Eviction can help relieve a commercial property of a problematic tenant, but a landlord cannot evict a tenant for any reason he chooses. Each state has specific laws that address when a landlord may evict a tenant and exactly how an eviction should proceed. Following the proper procedure can remove a troublesome tenant in just a few weeks, but failing to do so could bog down an eviction for a prolonged period due to a costly legal battle.
Determine the reason for the eviction. A property owner can evict a tenant if there is nonpayment of rent or some violation of the lease. However, in cases of noncompliance to the terms in the lease, the tenant generally receives advance notice of the problem and is given a period of time to address it and stay on site. This rule varies by state.
Give tenant written notice that he has broken one or more terms of the lease, according to the laws of your state. Wait the specified period time, and re-evaluate the situation to determine whether the tenant has paid rent and applicable late fees, or fixed whatever violation occurred before the predetermined time limit.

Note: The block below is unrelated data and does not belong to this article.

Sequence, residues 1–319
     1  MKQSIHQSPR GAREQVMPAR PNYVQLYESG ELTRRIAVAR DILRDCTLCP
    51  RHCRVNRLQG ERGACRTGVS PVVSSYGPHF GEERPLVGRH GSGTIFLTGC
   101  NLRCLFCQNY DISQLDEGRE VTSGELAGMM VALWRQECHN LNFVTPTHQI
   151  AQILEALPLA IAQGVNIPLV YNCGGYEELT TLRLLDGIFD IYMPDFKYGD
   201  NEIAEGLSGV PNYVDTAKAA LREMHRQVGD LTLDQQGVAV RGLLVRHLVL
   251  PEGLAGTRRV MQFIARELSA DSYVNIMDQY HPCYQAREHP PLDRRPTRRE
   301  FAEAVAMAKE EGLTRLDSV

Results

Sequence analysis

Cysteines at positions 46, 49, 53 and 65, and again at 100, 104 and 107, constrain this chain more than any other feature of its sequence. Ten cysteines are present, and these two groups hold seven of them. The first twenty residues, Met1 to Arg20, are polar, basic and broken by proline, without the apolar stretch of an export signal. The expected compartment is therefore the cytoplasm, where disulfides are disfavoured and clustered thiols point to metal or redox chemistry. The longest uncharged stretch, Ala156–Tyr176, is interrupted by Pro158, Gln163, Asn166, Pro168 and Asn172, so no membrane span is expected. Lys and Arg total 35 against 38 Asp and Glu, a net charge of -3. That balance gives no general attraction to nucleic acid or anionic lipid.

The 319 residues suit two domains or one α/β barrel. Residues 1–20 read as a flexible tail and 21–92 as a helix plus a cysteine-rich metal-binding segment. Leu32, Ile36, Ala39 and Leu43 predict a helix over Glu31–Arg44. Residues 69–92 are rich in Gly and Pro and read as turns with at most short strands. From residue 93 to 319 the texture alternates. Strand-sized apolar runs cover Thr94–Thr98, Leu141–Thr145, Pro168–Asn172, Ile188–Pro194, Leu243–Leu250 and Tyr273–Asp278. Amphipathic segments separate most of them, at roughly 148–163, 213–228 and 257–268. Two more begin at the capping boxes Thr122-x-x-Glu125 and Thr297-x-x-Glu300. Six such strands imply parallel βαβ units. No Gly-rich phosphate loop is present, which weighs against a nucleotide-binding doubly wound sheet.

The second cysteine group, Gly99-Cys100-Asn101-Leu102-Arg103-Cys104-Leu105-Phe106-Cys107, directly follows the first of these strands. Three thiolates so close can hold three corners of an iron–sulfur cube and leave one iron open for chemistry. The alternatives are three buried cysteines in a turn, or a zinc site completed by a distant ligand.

Provide formal notice of eviction if the tenant fails to pay owed rent or fix a violation within the legal time limit. The formal notice can be immediately given if there was cause of unconditional eviction, which is usually reserved for major violations like criminal activity or repeat nonpayment of rent. In those situations, the tenant does not have an opportunity to correct the problem and can be told to leave immediately.
File an eviction action with a local court if the tenant has refused to move. The action must be filed in a way consistent with state eviction laws. The tenant will then be given the opportunity to respond to the property owner's claim.
If the tenant responds to the claim, a court proceeding will be set. At the hearing, evidence will be provided by both sides.
Deliver the court order siding with the property owner to the local sheriff, who will post it on the tenant's door, informing them that they must move out by a certain date or their property will be forcibly removed.
Be sure to first consult your state's eviction laws to determine the specifics of how to handle an eviction process in your area. Consider hiring an attorney to help see you through the eviction process. He can ensure you are taking the appropriate steps in the proper order, and can serve as your advocate if a court case ensues.
Generally speaking, a property owner is not permitted to change the locks on a property or turn off utilities until the tenant has been formally evicted.